Backfill ordinances on the table at next PPC meetingAug 21st, 2012 | By Jessica Gonzalez | Category: news
The six month moratorium on the issuance of new borrow pit permits may soon be lifted if the council votes on the new legislation at their August 21 meeting.
An ordinance was introduced at the August 9 meeting that would lift the six month moratorium on permits, but in order for that to pass, the current legislation— the culprit for many of the parish’s lawsuits due to its hazy backfill language— must be replaced.
Currently, there are two different borrow pit ordinances on the council agenda, one authored by Councilchair Byron Marinovich and one authored by District 6 Councilman Burghart Turner.
Marinovich says that although he would like to see backfilling done by every borrow pit operator, there is a compromise in his legislation that would exempt those who sell their dirt for in-parish levee work. Pits that utilize dirt for private levees must be backfilled.
Reasoning for the importance of a compromise is outlined in the language of the ordinance: “There is a balance to be reached between the need for such local fill materials and the need to assure that Borrow Pits are safely operated and maintained.”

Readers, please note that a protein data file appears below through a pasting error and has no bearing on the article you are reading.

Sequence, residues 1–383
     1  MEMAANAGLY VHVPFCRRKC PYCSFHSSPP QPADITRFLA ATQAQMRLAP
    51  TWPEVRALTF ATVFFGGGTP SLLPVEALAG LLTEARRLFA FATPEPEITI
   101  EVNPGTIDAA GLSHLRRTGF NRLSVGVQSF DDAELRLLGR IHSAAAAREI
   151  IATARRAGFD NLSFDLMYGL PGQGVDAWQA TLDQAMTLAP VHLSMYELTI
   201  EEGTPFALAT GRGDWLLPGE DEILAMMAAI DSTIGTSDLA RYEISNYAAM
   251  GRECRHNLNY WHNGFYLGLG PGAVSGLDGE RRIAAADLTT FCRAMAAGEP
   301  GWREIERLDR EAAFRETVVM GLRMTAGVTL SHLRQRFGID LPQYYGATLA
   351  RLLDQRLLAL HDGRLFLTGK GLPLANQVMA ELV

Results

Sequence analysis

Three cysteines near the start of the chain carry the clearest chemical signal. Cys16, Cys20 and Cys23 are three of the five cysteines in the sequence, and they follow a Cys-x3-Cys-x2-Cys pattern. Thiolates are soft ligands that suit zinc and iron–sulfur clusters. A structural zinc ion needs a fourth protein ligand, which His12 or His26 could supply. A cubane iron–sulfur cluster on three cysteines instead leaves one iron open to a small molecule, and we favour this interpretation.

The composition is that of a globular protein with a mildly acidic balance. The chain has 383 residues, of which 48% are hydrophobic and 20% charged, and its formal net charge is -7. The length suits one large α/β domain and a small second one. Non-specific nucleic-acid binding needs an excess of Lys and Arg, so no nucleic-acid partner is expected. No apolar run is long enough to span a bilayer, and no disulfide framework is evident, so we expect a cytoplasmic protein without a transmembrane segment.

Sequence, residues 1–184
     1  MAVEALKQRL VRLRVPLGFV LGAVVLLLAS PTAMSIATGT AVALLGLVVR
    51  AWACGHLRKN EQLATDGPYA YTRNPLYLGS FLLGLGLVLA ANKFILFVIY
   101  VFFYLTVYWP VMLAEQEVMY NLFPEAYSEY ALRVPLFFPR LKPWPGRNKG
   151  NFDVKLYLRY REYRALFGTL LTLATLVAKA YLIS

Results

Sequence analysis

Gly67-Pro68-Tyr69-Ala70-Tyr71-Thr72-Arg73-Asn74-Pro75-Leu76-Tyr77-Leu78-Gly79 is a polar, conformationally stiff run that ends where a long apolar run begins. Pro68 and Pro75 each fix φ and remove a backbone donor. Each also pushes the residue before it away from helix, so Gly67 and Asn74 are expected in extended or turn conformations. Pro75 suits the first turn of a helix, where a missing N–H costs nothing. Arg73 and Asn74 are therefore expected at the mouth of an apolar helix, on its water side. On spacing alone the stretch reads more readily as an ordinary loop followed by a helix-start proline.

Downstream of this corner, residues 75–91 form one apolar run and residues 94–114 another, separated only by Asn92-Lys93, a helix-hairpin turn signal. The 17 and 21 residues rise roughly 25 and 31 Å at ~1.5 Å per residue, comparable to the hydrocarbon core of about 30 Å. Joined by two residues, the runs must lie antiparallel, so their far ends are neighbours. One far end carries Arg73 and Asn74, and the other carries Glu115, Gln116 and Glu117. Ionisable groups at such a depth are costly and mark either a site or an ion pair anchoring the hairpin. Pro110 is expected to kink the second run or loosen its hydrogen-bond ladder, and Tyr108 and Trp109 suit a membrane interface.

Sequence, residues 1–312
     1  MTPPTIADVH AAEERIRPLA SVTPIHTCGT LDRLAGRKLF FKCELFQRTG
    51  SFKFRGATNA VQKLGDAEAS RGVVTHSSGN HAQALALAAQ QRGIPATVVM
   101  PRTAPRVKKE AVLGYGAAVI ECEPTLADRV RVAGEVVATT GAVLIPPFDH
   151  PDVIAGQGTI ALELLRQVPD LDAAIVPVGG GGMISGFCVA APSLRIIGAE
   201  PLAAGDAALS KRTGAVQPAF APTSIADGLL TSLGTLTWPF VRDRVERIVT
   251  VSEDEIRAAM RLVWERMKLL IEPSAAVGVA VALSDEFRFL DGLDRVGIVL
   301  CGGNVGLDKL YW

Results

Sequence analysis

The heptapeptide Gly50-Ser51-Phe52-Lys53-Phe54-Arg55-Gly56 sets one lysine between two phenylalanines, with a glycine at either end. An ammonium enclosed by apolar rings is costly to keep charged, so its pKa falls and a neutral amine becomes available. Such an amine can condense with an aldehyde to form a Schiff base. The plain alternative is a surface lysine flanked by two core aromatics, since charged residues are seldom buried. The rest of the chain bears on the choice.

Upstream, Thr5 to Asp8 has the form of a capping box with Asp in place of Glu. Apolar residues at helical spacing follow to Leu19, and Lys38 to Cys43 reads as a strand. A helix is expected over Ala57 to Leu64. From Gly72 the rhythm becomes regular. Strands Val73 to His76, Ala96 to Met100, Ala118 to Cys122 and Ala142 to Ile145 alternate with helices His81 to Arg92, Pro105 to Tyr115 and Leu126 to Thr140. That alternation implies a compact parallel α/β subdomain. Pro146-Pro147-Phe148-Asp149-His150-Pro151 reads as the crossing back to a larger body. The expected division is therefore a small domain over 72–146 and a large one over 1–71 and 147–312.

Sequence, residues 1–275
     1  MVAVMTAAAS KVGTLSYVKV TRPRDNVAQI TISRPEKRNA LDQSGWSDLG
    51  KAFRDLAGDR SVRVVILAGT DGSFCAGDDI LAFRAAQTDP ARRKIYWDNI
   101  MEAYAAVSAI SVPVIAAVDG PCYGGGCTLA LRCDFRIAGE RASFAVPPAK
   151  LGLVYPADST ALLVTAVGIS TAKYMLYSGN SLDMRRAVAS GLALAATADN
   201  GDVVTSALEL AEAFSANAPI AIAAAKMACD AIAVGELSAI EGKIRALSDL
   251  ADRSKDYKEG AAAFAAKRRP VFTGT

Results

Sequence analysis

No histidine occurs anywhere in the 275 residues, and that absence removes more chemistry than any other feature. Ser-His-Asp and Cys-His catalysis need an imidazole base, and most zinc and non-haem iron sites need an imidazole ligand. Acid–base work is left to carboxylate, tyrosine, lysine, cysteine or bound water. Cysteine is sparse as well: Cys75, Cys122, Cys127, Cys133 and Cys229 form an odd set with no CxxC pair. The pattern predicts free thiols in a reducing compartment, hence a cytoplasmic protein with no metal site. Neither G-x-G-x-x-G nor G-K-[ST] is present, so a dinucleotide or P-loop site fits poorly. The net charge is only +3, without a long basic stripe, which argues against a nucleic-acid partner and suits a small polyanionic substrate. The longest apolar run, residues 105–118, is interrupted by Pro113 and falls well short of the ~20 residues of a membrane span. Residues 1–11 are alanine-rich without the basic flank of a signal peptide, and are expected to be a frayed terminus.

Since there is a funding gap on the Corps’ federal levee projects, officials predict money will run out before all projects on their list can be completed.
Therefore, in order to bring the total cost of the projects down, in-parish borrow material for the levees is one of the best ways to get the most work done at the lowest price. Transportation costs are one of the biggest contributing factors to dirt costs— the closer to the project site, the more reasonable the price-tag.
Councilman Turner has said at previous PPC meetings that borrow pit operators’ refusal to backfill is greed, and as the governing body, the PPC should not protect greed. Therefore, his legislation makes no such compromises for borrowpit operators and states that no permit will be granted to applicants who do not intend to backfill.
Both ordinances are up for discussion and possible vote at the August 21 PPC meeting.